Spruin, Elizabeth (2012) The Criminal Experience of Mentally Disordered Offenders. Doctoral thesis, University of Huddersfield.

Mentally Disordered Offenders (MDOs) are a distinct population of offenders. In contrast to offenders serving prisons sentences, MDOs are diverted from the Criminal Justice System to services where their mental health needs can be adequately addressed. Despite the distinct management and treatment of these offenders, to date, there has been no research into the personal narratives and emotions that are connected to how MDOs understand their criminal actions. Narratives can be seen as cognitive structures that dynamically filter and order experience in ways that reflect their content. Emotions of criminals are often what propel an offender’s thoughts into actions, which subsequently provides the internal motives for the crime and the emotional gratifications which sustain a criminal lifestyle. To that end, this thesis explores the personal narratives and emotions of MDOs, exploring these concepts will subsequently lead to a greater understanding of the unique thought processes and emotions of the criminal experience, and of how these factors vary across crimes and offenders.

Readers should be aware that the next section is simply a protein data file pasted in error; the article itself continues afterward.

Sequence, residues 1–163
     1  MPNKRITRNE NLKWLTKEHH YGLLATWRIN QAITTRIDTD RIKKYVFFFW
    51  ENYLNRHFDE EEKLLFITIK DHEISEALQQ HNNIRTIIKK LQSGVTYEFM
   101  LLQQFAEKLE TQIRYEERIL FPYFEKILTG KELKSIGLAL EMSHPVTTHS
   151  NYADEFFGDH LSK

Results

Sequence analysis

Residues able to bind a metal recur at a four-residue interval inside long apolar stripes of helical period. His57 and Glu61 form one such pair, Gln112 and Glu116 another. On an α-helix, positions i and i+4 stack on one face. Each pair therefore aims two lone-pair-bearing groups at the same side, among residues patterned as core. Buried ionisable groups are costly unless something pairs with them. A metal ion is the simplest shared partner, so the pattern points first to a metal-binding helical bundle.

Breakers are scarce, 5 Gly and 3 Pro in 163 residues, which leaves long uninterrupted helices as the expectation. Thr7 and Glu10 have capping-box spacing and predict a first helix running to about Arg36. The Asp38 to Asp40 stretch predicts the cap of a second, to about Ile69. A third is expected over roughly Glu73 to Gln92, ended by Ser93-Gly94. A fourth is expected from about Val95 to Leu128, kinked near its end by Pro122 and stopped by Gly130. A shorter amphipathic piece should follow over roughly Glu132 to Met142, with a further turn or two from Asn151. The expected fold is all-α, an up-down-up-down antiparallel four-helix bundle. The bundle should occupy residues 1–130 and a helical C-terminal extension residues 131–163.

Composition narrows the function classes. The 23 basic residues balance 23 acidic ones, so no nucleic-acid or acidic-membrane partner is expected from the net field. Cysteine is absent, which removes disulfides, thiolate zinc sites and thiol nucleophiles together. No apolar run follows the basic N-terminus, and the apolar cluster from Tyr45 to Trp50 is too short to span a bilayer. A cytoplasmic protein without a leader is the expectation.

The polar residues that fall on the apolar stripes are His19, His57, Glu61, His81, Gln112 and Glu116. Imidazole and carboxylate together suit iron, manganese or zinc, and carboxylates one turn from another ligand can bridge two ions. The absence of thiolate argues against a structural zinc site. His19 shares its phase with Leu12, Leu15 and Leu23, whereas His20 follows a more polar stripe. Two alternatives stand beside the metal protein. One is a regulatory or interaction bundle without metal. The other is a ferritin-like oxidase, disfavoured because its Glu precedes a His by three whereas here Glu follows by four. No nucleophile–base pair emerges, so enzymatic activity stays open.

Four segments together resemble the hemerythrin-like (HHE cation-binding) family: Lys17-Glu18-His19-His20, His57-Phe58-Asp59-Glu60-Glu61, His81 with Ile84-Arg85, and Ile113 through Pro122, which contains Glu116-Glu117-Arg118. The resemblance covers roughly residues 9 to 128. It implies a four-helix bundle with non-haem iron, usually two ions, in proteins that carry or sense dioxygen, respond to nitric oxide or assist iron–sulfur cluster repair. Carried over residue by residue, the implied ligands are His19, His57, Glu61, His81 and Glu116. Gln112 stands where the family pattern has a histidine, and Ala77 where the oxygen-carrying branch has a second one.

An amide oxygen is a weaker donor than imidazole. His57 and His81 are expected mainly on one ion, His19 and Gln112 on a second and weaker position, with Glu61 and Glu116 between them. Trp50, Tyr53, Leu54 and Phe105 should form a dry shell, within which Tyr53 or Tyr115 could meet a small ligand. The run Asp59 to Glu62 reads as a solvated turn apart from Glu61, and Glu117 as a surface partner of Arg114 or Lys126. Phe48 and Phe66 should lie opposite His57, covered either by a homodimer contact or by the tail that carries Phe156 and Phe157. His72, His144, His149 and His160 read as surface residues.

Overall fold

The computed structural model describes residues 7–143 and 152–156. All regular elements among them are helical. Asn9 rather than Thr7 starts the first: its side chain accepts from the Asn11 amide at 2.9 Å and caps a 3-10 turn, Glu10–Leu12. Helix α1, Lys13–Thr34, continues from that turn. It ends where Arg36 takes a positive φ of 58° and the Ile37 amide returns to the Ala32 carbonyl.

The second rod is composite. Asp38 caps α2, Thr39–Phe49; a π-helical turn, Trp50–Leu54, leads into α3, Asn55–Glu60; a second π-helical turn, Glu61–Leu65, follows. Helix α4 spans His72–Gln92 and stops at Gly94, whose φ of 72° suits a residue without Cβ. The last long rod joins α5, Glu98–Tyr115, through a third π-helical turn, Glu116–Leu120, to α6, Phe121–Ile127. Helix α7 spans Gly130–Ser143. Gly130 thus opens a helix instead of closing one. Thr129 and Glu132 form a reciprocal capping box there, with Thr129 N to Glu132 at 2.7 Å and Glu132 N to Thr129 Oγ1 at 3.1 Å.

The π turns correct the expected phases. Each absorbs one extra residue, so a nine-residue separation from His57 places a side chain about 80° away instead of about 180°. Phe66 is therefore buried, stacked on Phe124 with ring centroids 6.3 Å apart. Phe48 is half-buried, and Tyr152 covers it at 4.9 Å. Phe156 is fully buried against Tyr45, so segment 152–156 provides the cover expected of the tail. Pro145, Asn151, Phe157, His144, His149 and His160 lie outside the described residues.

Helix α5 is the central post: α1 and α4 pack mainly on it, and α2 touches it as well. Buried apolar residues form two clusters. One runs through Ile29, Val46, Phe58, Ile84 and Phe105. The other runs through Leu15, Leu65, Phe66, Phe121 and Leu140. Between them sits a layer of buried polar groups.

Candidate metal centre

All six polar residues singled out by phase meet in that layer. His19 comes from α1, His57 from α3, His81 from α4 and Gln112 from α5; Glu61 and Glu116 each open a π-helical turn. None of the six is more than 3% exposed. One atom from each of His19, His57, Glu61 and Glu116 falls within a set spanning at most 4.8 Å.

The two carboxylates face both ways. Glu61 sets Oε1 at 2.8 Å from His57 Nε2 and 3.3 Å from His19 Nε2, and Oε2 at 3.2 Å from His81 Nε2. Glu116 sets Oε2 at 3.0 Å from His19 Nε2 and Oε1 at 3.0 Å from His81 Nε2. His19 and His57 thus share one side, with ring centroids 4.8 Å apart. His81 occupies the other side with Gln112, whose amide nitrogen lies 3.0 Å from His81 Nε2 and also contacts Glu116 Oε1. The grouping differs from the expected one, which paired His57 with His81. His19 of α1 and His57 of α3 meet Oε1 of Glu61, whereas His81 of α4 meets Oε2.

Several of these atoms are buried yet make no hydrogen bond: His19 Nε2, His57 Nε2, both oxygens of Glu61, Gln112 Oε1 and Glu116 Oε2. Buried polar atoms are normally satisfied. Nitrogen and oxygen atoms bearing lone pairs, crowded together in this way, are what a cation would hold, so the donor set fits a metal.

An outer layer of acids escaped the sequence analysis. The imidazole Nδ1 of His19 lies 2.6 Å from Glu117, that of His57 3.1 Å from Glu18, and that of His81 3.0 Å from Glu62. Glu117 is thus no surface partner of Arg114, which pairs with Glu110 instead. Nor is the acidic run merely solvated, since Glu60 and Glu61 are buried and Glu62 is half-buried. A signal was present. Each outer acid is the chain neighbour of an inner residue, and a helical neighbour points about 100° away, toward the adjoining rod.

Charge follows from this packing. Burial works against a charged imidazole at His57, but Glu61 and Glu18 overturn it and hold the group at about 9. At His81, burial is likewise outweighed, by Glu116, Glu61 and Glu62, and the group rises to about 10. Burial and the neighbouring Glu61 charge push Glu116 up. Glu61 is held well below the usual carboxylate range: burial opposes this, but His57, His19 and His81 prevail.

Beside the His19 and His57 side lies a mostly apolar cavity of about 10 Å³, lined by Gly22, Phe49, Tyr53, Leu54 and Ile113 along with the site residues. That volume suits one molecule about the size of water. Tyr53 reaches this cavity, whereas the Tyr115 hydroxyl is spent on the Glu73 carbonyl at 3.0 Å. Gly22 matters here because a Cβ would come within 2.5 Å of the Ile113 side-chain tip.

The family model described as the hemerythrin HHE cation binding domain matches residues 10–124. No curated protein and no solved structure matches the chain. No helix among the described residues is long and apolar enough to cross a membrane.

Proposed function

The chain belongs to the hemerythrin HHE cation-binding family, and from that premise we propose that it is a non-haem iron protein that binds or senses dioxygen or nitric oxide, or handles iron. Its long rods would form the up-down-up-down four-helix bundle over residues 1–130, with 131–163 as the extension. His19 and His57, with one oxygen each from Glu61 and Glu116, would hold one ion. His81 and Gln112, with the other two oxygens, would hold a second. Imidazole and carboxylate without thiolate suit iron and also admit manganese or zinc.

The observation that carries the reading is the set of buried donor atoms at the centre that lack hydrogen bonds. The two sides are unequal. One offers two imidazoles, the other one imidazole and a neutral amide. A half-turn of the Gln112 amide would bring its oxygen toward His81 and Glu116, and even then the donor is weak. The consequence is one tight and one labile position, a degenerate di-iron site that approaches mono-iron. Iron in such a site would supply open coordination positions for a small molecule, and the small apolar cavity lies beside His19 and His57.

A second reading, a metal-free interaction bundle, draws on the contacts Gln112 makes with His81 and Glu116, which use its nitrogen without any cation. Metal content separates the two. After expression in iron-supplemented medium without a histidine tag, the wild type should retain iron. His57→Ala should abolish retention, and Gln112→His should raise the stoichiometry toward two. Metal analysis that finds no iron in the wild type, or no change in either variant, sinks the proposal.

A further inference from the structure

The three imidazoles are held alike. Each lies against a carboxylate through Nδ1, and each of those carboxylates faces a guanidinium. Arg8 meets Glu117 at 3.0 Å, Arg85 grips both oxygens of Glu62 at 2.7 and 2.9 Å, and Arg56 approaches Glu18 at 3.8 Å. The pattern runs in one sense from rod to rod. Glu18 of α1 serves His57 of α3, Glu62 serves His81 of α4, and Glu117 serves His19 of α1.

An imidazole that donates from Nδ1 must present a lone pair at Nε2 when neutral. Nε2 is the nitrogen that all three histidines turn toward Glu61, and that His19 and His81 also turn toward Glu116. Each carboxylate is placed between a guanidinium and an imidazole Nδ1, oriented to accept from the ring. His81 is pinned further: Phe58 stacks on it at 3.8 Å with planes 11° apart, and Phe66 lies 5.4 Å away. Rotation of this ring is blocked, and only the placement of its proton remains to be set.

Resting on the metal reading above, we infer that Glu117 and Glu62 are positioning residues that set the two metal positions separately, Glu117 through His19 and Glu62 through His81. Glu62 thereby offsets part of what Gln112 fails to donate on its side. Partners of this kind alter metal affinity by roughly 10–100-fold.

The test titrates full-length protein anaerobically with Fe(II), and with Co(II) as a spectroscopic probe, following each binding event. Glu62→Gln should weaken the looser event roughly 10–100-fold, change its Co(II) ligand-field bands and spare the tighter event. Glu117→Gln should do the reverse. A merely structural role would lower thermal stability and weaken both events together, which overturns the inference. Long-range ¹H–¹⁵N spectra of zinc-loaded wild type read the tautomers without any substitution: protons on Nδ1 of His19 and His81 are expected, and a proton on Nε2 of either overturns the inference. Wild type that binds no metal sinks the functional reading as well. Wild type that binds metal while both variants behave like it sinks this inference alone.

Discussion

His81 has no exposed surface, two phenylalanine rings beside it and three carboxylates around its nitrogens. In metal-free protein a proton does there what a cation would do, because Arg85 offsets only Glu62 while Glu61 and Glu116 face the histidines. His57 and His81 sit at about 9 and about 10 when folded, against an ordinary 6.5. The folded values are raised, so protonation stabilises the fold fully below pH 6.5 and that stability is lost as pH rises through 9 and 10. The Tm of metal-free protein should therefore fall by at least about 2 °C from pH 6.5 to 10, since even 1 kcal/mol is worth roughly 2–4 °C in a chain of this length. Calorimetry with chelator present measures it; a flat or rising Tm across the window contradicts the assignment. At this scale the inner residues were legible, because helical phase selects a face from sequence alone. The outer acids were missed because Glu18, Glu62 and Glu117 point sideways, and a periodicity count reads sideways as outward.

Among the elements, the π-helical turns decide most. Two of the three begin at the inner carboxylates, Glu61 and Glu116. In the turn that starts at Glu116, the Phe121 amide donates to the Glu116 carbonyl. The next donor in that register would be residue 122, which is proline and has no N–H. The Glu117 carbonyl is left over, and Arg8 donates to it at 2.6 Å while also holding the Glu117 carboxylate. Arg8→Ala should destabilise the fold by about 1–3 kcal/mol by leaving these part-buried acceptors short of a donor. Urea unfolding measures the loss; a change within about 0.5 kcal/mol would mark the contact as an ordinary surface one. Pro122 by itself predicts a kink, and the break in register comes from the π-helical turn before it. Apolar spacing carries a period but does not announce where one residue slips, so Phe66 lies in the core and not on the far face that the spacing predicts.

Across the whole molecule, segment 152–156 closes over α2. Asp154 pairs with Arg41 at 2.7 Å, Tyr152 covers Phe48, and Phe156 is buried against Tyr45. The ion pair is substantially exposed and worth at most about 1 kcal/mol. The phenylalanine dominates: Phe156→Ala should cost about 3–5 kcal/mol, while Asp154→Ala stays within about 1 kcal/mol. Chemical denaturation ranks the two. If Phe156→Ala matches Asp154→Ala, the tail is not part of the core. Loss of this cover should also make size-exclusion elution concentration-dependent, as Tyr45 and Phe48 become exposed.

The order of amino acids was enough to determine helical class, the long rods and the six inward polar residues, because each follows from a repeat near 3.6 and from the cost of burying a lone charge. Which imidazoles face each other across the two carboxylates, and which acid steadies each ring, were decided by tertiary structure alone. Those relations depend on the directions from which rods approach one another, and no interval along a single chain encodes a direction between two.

Seventy adult male offenders who have been convicted of an offence and were currently sectioned under the Mental Health Act 2007 or recently been released to a housing association, were recruited for the study. The investigation was carried out in three stages. The first stage explored the criminal narratives of the offenders and the association these narratives had with psychiatric diagnoses and offence types. The second stage examined the emotional experience of committing an offence and the relationship these emotions had with psychiatric diagnoses and offence types. The final stage proposed an emotional narrative framework for MDOs; this framework encompassed the psychiatric diagnosis, emotions and narratives which present themselves during the commission of an offence. This framework explored all these variables across offence types and suggested that specific roles, emotions and diagnoses were related to particular offences. The five studies conducted concurrently through these three stages are discussed in the context of theoretical and therapeutic development, and contribution to the investigative discipline. In summary, the findings of this thesis expand on the current literature by uniquely examining the roles and emotions that MDOs experience during the commission of their crimes. These findings also highlight areas for future research.

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